Sustainability and Ethical Fashion with Lucy Macnamara, Founder of Aspiga
It’s fair to say that, here at Ancient + Brave, we are smitten with many of the ethical, sustainable and stylish pieces available at Aspiga. But, what really draws us in and makes Aspiga so much more than just a pretty dress, is founder Lucy Macnamara’s passion and drive to do good in the world, minimising our impact on the planet.
Lucy’s charity background, love of travelling and concern for sustainability came together whilst on holiday in Kenya. The visit led her on a journey culminating in a fashion company that, from day one, exists with the desire to share beautiful craftsmanship and stimulate the economies of talented artisans. Lucy is working to fight poverty through commerce, with ethical trading and sustainability at the heart of all she does for Aspiga.
As a mutual B Corp member and part of our sustainability and community focus this month, we are delighted that Lucy has taken the time to chat with us…
Lucy, when did you first become interested in sustainability and how did this awareness shape your business practices?
I grew up in a family where recycling was the norm and almost nothing was thrown away. My mother was a war baby and even washed up plastic bags to be reused and used old camera roll boxes for seeds, egg shells for slug bait – and the list goes on. It instilled in me from an early age that resources are limited and the planet is precious and we have a responsibility to care for it. I also spent 15 years working for a charity which was all about Corporate Social Responsibility, so when I set up Aspiga I very much wanted the company to be about giving back not just about making a profit.
Consciousness and attitudes to sustainability and provenance have widely improved over the years. What makes you feel positive about a sustainable future?
I find the commitment by business towards sustainability very encouraging. It’s one of the reasons I am so proud to be part of the BCorp community, where businesses commit to write environmental and social advocacy into their legal framework, ensuring people and the planet are as important as profit.
Sustainable and ethical fashion practices are a huge commitment for a business. How do you meet this commitment within your processes, and what practices are you most proud of?
We support a number of small, family-run businesses in India and Africa who make unique artisanal products, thereby stimulating the local economy and keeping traditional crafting alive. We create long-term partnerships, commit to pay a fair price for our products and provide interest-free loans to help them grow their businesses. All our suppliers sign our Code of Conduct and we work with them to improve their sustainability practices across the supply chain. We have stopped working with brands who don’t comply with our sustainable criteria.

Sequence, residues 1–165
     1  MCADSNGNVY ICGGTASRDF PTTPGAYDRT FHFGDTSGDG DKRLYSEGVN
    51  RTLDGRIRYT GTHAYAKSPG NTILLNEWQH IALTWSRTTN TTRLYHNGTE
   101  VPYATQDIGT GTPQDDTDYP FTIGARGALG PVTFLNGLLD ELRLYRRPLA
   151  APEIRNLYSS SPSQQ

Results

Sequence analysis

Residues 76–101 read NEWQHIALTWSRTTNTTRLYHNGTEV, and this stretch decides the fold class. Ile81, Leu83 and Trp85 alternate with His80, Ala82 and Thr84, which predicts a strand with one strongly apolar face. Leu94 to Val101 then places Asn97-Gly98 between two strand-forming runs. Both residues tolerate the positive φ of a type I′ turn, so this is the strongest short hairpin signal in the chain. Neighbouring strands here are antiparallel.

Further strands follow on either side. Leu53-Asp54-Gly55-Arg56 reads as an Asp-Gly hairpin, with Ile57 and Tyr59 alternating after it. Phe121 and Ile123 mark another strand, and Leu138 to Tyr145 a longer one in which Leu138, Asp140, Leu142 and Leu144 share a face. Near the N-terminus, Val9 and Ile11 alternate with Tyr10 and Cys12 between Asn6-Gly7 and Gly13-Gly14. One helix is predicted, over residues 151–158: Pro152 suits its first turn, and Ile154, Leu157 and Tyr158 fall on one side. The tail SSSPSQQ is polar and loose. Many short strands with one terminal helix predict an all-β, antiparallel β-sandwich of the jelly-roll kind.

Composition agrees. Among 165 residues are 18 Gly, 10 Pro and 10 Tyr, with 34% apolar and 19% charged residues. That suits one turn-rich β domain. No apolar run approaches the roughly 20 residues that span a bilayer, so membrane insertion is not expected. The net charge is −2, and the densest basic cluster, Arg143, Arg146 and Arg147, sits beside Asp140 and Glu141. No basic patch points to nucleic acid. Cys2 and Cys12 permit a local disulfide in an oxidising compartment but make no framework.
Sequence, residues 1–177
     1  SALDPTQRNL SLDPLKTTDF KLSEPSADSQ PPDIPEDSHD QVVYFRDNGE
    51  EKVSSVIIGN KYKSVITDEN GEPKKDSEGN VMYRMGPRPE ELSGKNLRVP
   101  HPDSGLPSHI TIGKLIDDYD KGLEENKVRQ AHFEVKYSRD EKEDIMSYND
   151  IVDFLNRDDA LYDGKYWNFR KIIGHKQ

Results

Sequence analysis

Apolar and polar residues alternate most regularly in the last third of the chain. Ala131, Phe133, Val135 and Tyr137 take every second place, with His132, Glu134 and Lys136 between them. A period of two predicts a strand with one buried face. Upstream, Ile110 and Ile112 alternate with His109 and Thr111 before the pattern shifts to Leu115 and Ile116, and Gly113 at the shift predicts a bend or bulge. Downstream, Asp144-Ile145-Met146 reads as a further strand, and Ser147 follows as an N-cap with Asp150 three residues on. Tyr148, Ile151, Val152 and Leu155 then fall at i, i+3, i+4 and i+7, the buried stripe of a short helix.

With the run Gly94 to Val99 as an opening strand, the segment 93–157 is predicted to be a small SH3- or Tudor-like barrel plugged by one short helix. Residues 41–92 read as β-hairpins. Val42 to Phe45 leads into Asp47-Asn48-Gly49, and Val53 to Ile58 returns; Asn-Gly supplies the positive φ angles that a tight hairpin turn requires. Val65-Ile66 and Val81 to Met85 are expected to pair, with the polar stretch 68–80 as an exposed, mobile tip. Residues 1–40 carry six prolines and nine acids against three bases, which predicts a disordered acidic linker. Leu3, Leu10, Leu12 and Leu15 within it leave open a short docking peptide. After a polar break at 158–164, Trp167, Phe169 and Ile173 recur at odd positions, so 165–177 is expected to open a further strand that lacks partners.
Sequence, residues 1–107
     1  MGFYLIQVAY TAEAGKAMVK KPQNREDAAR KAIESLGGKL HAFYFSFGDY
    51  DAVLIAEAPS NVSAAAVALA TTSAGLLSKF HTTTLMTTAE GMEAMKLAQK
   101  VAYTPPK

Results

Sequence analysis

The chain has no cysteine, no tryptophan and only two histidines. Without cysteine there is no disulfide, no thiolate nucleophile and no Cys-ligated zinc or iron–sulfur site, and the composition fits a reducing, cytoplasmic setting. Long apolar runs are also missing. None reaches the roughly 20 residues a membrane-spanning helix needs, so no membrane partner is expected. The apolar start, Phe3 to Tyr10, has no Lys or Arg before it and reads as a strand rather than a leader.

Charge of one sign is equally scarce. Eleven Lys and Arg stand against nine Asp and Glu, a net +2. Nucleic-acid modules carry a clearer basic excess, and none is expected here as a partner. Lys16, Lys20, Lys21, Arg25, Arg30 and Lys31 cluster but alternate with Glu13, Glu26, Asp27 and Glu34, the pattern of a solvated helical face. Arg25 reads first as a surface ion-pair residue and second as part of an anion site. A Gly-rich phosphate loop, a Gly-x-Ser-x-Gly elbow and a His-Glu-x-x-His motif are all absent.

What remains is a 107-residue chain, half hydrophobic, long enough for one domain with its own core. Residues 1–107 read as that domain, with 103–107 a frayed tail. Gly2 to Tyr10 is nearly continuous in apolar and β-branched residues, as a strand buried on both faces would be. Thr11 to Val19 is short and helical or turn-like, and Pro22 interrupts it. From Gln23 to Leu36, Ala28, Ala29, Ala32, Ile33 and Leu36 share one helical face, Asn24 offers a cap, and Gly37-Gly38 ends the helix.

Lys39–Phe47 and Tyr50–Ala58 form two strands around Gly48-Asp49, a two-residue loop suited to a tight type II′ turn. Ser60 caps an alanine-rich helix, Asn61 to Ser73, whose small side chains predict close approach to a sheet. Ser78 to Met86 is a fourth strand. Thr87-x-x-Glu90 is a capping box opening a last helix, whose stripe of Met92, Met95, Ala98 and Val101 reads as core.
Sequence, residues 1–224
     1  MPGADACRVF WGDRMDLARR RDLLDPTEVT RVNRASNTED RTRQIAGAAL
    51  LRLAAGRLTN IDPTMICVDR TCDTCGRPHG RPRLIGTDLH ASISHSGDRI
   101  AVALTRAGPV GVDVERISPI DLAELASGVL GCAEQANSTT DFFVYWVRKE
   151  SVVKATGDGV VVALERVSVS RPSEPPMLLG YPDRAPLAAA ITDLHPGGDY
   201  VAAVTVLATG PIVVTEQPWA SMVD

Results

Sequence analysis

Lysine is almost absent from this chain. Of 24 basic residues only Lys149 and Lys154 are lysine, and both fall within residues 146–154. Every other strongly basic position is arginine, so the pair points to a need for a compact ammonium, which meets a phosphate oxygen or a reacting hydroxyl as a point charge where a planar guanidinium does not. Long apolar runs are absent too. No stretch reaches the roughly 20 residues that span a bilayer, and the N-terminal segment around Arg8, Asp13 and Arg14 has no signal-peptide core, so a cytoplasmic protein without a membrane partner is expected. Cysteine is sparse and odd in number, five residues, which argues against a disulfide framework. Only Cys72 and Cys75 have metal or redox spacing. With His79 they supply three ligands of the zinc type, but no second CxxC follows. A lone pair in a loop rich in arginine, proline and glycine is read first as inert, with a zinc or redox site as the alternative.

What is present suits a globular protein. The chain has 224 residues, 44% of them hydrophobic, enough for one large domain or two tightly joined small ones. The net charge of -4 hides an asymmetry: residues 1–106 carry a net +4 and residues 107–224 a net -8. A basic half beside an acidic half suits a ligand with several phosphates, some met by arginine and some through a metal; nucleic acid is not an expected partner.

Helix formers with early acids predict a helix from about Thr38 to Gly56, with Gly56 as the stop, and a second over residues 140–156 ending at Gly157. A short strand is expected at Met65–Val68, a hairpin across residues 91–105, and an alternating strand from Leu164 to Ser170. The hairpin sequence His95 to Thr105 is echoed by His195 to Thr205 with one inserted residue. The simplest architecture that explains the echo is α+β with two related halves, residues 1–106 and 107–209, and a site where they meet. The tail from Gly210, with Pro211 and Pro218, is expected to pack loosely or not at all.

We also launched a Beach Clean initiative in Kenya in 2019 and now run beach cleans in locations near all our stores...
What are the biggest challenges in running a sustainable business?
By choosing to only work with the most sustainable fabrics we can source, it can be frustrating when we see something we love but it contains non-sustainable fibres. Increasingly, manufacturers are seeking sustainable materials which are more expensive to produce and this, of course, affects the price we have to pay. It can also affect the availability on occasion.
Can anything new be truly sustainable and how do you manage this concept?
Everything has an impact on the planet – which is why we are interested in growing our circularity model. We encourage our customers to shop and live mindfully and to extend the life cycle of their clothes by repairing their clothes and washing at a low temperature – We are also launching a pre-loved and rental service online and our Repair and Re-wear service in our Wilton store.
Do you have any sustainability heroes?
Sir David Attenborough. His amazing documentary A Life On Our Planet was one of the saddest and most inspiring things I’ve seen in a long time and his influence on consumer behaviour has been immense.
Name three of your favourite brands who are doing it right, and why do you like them?Am I allowed Aspiga?!
Pangaia – for their fabric innovation
Oddbox – for their work on fighting food waste
Turtle Doves – for their circularity model
What advice would you give to businesses looking to improve their impact on our planet through sustainability?
If you’re a small business and wonder how much difference you can make, every step you take counts. Start small, you’ll be amazed at how much and how quickly you can achieve. Ensure you set each member of staff a sustainability KPI as part of their objectives.
How has your attitude towards sustainability and ethical practices shaped your daily practices and rituals?
I always use up everything in my fridge and never throw anything away. I have really got into composting and have a hot bin in my garden. All my kitchen products are eco-friendly and I never buy single use plastics. I buy in bulk to reduce plastic waste and am very conscious of every purchase I make – scrutinising packaging and ingredients.
Finally, a few quick fire questions, share with us your favourite...
Oats, blueberries and yoghurt
Way to relax:
Exercise, whether its running, road cycling, riding my horse or yoga - I have to do something daily
Dose of nature:
Walking my dog in the country
I’ve just finished 'Lessons in Chemistry' in Audio format, which I loved.
The Rest is Politics and A Diary of a CEO
Item of clothing:
My responsibly sourced stretch cord Aspiga suit
Daily(ish) healthy habit:
Walking the dog and taking a probiotic as soon as I get up
Ancient + Brave product:
Inspired Collagyn for Brain
The fields around my home or Barbados
We hope you've enjoyed this insight into Lucy's thoughts around community and sustainability, discover Aspiga at www.aspiga.com